Tuesday, August 25, 2020

BREAKING: AZ Supreme Court Won't Take 130 Bar Owners' Lawsuit Against Ducey/Christ; Challenge Moves To Superior Court For Injunction Request

The Arizona Supreme Court declined to hear a challenge from dozens of Arizona    *
*"AZ Law" includes articles, commentaries and updates about opinions from the Arizona Supreme Court, U.S. Supreme Court, as well as trial and appellate courts, etc.



AZ Law airs on non-profit Sun Sounds of Arizona, a statewide reading service that provides audio access to printed material for people who cannot hold or read print material due to a disability. If you know someone who could benefit from this 24/7 service, please let them know about member-supported Sun Sounds. And, YOU can donate or listen here. 

Previous episodes of AZ Law can be streamed or downloaded here, or wherever you get your podcasts.

Thursday, August 20, 2020

BREAKING: Arizona Supreme Court Keeps “Stop Surprise Billing and Protect Patients Act" OFF Ballot, "Smart and Safe Arizona" ON

 The Arizona Supreme Court this afternoon ruled that the “Stop Surprise Billing and Protect Patients Act" will be kept off the November 3 ballot, affirming the trial court's ruling invalidating 28,000 signatures when the persons who gathered those signatures failed to show up for the trial.

Yesterday, the Court determined that the Invest In Ed ballot initiative would be placed on the ballot, and the court has challenges to the other two ballot measures to rule on.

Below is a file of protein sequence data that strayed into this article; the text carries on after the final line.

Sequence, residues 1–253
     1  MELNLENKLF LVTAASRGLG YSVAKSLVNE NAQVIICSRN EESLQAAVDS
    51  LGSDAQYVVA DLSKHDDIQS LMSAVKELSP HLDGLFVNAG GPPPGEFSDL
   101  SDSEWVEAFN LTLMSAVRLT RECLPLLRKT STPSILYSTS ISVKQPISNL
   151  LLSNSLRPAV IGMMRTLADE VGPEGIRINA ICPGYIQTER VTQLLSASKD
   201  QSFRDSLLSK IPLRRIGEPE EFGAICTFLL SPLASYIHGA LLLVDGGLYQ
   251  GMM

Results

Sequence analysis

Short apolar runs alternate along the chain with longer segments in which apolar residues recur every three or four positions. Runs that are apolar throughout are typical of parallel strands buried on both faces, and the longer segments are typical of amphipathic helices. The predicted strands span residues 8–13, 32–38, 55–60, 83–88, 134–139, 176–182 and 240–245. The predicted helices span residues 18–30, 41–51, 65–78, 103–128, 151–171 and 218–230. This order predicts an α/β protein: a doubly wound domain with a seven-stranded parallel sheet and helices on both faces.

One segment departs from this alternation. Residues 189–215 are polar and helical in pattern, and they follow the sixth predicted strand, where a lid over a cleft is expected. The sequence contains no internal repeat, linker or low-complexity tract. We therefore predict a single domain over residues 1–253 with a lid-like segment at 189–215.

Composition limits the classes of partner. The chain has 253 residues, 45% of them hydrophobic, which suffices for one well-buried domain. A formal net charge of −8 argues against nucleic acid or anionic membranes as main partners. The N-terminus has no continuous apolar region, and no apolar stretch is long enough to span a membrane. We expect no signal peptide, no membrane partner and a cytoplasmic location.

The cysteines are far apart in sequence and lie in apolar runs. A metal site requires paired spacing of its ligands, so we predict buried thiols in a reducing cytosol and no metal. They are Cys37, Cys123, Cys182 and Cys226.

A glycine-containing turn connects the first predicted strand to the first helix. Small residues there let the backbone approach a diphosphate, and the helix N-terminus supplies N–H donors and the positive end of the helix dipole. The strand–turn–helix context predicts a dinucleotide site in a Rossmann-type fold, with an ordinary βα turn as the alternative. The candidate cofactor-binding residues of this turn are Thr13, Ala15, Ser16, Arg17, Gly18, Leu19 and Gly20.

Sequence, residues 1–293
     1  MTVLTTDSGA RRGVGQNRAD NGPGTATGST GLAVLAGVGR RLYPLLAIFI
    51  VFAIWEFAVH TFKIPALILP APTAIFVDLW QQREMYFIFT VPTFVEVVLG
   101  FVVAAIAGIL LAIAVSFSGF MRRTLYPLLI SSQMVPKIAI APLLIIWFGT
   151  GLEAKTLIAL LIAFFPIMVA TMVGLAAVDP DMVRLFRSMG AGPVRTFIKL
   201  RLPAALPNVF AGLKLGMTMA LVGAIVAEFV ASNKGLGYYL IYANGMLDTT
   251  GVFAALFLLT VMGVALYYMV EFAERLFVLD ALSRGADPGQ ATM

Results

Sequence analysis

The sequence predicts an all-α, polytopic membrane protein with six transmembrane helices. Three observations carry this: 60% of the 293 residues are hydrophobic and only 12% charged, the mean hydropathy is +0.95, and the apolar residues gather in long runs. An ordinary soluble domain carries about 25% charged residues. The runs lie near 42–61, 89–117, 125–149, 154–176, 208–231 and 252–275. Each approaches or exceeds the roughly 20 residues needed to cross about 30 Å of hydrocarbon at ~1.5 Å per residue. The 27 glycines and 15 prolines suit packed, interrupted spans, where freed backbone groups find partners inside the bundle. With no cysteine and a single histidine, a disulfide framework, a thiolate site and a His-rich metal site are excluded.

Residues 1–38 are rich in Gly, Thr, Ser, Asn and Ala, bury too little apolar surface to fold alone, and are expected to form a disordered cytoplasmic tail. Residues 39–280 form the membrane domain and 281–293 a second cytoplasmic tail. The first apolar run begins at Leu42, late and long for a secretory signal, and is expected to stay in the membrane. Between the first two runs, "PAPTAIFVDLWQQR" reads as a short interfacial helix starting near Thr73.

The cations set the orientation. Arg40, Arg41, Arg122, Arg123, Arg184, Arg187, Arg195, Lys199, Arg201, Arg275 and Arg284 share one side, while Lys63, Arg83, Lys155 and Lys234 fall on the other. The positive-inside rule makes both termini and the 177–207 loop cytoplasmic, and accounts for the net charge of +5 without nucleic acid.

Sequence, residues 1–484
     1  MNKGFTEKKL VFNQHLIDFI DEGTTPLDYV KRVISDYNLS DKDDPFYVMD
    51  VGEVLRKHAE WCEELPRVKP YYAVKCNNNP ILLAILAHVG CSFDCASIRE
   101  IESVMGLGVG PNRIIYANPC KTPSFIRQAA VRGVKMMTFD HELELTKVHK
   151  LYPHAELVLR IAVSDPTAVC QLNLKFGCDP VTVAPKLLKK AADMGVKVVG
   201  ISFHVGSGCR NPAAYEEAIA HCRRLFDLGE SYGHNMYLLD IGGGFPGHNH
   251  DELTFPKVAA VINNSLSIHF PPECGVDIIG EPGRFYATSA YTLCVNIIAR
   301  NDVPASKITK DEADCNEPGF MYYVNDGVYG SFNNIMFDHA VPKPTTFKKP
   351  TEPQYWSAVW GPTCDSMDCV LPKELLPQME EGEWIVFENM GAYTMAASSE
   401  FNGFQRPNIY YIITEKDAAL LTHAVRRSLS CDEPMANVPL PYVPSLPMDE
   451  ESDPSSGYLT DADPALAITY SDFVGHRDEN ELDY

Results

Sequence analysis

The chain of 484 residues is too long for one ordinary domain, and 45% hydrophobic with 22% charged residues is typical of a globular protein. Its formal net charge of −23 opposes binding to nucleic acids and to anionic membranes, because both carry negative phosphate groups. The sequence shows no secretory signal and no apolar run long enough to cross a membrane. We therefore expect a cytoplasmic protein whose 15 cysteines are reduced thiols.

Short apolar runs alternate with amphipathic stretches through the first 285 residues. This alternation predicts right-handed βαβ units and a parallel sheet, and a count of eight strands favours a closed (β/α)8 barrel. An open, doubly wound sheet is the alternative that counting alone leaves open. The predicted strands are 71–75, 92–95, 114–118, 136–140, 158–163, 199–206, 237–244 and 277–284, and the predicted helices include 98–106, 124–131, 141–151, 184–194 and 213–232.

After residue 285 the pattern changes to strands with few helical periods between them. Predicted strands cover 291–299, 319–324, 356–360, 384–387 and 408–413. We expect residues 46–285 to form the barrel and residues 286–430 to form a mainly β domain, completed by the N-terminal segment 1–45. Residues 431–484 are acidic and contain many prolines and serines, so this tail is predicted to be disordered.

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*"AZ Law" includes articles, commentaries and updates about opinions from the Arizona Supreme Court, U.S. Supreme Court, as well as trial and appellate courts, etc.



AZ Law airs on non-profit Sun Sounds of Arizona, a statewide reading service that provides audio access to printed material for people who cannot hold or read print material due to a disability. If you know someone who could benefit from this 24/7 service, please let them know about member-supported Sun Sounds. And, YOU can donate or listen here. 

Previous episodes of AZ Law can be streamed or downloaded here, or wherever you get your podcasts.

Wednesday, August 19, 2020

BREAKING: Supreme Court Reverses, Invest In Ed Initiative Back On The Ballot (READ Decision)

 In a major decision, the Arizona Supreme Court has reinstated the Invest In Ed ballot initiative that will place a surcharge on higher income earners to help fund education. The decision reverses the Superior Court opinion that removed the measure on the basis that the 100-word description was not comprehensive enough. 

"The Court unanimously finds that the 100-word description did not create a significant danger of confusion or unfairness and reverses the trial court ruling." 

The Justices did agree with Judge Christopher Coury that the incentives that the petition circulating company paid individuals who collected many of the signatures "did not warrant the invalidation" of the petition signatures, although recent statutes prohibit initiative circulators from paying by the signature.

Today's decision on the 100-word description will bode well for the other three ballot measures - all of which are currently in front of the Supreme Court on similar challenges.